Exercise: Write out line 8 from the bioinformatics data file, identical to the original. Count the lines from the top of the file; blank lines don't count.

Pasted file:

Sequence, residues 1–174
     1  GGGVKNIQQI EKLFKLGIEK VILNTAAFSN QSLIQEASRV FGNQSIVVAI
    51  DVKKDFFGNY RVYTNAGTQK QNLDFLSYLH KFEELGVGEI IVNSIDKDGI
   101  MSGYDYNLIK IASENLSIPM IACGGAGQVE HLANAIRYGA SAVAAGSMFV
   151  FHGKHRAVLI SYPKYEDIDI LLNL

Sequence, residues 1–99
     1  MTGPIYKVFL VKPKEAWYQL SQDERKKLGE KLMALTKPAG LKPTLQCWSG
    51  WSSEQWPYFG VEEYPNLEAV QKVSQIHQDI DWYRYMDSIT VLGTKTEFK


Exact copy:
    51  WSSEQWPYFG VEEYPNLEAV QKVSQIHQDI DWYRYMDSIT VLGTKTEFK